American Piano Trios: A Resource Guide.
This book had its genesis over thirty years ago, when the author was the pianist of the American Arts Trio at the University of West Virginia. At that time, faced with the need to find works by American composers to perform, Arno P. Drucker began to collect information on American piano trios in a computer database, which has now grown to the present bibliography listing 589 compositions. Arranged alphabetically by composer, entries include biographical and contact information (address, telephone and fax numbers, E-mail address, and Web site), followed by a list of works. For each work, Drucker provides the date of composition, duration, publisher, and dedication; he also lists one or two libraries owning a copy and provides discographic information.
Drucker lists only composers who were born in the United States or became naturalized citizens; among the latter included in the guide are Ernst Bloch and Sergey Rakhmaninov. In the introduction, Drucker states that he has listed works for piano, violin, and cello, as well as some works for that combination with orchestra, voice, or electronic instruments (p. xiii). He has attempted a comprehensive listing, however, for only the standard combination; unfortunately, he does not give criteria for his selection of the other works.
The information given for each composer varies greatly. Most of the biographical sketches are based on entries in either Baker's Biographical Dictionary of Musicians (the bibliography cites the seventh edition [New York: Schirmer Books, 1984] rather than the eighth [New York: Schirmer Books, 1992]) or The New Grove Dictionary of American Music (4 vols. [London: Macmillan, 1986]) and may therefore be out of date. There does not seem to be any relationship between the number of trios by a particular composer and the amount of biographical information included. For example, Frederic Rzewski receives over a page of biographical coverage even though only one unpublished trio is listed in his entry. More useful is Drucker's inclusion of composers' comments on their own trios or those of others; these often provide valuable insights into historical context and style.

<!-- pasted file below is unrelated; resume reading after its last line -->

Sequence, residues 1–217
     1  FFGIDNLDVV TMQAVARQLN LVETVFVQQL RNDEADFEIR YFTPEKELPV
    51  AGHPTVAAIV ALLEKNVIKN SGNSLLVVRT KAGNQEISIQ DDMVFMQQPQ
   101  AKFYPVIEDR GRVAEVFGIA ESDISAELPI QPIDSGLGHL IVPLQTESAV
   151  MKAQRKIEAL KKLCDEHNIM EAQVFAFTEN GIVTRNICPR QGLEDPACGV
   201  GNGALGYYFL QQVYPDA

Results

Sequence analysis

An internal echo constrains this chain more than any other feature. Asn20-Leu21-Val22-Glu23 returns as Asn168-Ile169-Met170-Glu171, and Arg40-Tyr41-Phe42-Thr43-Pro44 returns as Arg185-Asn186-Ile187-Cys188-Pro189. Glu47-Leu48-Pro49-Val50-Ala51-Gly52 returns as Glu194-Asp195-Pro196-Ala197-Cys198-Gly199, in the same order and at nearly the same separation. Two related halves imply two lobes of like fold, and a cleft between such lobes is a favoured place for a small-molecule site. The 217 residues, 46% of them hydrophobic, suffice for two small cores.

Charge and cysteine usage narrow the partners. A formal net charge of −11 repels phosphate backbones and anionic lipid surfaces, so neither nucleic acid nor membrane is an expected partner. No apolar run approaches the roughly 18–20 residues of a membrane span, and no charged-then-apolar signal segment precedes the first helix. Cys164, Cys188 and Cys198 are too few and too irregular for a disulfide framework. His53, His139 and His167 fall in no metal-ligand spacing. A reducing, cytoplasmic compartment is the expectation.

Two appendixes and a bibliography complete the volume. The first appendix lists ensembles currently performing piano-trio literature, giving personnel, address, and telephone and fax numbers for each. The information in the second appendix, "Classical Music Web Sites," is, of course, ephemeral, and seems of little relevance to the rest of the volume; if these Web sites were used in compiling the guide, they should have been listed in the bibliography.
A title index would have greatly increased the usefulness of the volume. It would also have been helpful to have the works for piano trio with orchestra, voice, or electronic instruments listed separately and more completely. In the main portion of the book, running headings of composers' names would have aided the user; I often found myself getting lost when trying to find specific entries. Drucker, who has presumably examined and played many of these works, might also have enhanced the value of this guide by adding his own comments on technical and interpretive matters.
There is a great deal of information in this volume that will be useful to those who want to explore the repertory of piano trios by Americans. More thoughtful organization might have made the book even better.
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|Article Type:||Book Review|
|Date:||Jun 1, 2000|
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